Some Thoughts on Climate Change, Nuclear Energy and Risk
The scale of the tragedy in Japan is still unfolding. As search and rescue continues for the victims of the earthquake and tsunami, the potential of another catastrophe looms.
Over the last few days, Japanâs Fukushima nuclear reactor has become unstable, with the potential of at least a partial meltdown distinctly possible. In the past year, nuclear power has been touted as a climate change solution here in the US. The government has issued new permits for the first time in decades. Now might be an important moment to pause and rethink that, though, or at least weigh the benefits of mitigating climate change versus the risk of a nuclear accident.
The issues at Japanâs nuclear plants are being widely covered. Some of the best coverage is over at the Union of Concerned Scientistsâ (UCS) blog, which explains the science of a nuclear meltdown and provides timely updates about whatâs going on in Japan.
One of the more interesting posts over there links to an op-ed by Dave Lochbaum, Director of the Nuclear Safety Project. The piece is called âDisasters Donât Follow Scripts.â
Think about that for a minute. It holds quite a bit of truth. Look at the oil spill in the Gulf of Mexico last year. It resulted in the failure of a failsafe device. In Haiti, after the earthquake razed most of Port-au-Prince, cholera outbreaks further exacerbated the situation. And in the case of the emergency in Japan, back up systems were wiped out by multiple disasters.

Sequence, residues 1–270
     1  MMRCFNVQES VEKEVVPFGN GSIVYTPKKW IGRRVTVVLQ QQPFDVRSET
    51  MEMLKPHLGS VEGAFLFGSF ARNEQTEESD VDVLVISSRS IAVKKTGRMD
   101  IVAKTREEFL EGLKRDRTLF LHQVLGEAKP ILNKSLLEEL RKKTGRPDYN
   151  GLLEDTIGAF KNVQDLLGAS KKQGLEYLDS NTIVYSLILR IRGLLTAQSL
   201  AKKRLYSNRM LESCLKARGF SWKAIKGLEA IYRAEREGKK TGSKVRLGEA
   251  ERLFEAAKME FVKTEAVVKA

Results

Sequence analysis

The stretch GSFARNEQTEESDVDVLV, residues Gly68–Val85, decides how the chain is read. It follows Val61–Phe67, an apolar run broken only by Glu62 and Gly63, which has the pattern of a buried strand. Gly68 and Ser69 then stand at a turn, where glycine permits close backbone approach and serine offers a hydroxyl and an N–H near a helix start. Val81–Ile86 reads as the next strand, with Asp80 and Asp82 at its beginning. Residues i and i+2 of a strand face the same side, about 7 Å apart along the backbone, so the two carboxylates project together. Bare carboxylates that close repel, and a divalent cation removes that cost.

In other words, there is no such thing as a failsafe plan, no such thing as a disaster script. In the case of nuclear power, the probability of an event is low while the risk is high.
Thereâs another low probability, high-risk emergency that makes this debate even more important. Thatâs catastrophic climate change.
One of the solutions to avert catastrophic climate change is nuclear power. But is it worth it to combat one low probability, high-risk issue with another? According to a prescient report put out by UCS in February 2011, the answer is no.
For starters, nuclear power is heavily subsidized so the actual costs of production are not realized. The UCS report states that âsubsidies to new nuclear reactors could exceed the value of the power produced 70 to 200 percent.â
More worrisome are the costs after power production ceases. Though nuclear power plays a smaller role in energy production in the US than other countries like Japan and France, it still produces the lion's share of nuclear energy globally and thus, nuclear waste. Storing that waste isn't cheap. The cost to store spent fuel over the life of the Nuclear Fuel Repository at Yucca Mountain is reported to be $100 billion. So far, the nuclear industry has only ponied up $31 billion.
Even if the full $100 billion is finally found, studies have shown the likelihood of Yucca Mountain containing nuclear waste for 10,000 years, the projected time for it to become inert, is near zero. In other words, this translates to a high risk, high probability problem.
So does nuclear power make sense given the potential and real risks of both nuclear energy and climate change? The classic adage âtodayâs solutions are tomorrowâs problemsâ might apply.
While other sources of renewable energy have their detractors such as habitat loss in the case of solar, they don't come with nearly the same risk as nuclear power.Â It might be time to rewrite the nuclear part of our climate change script.
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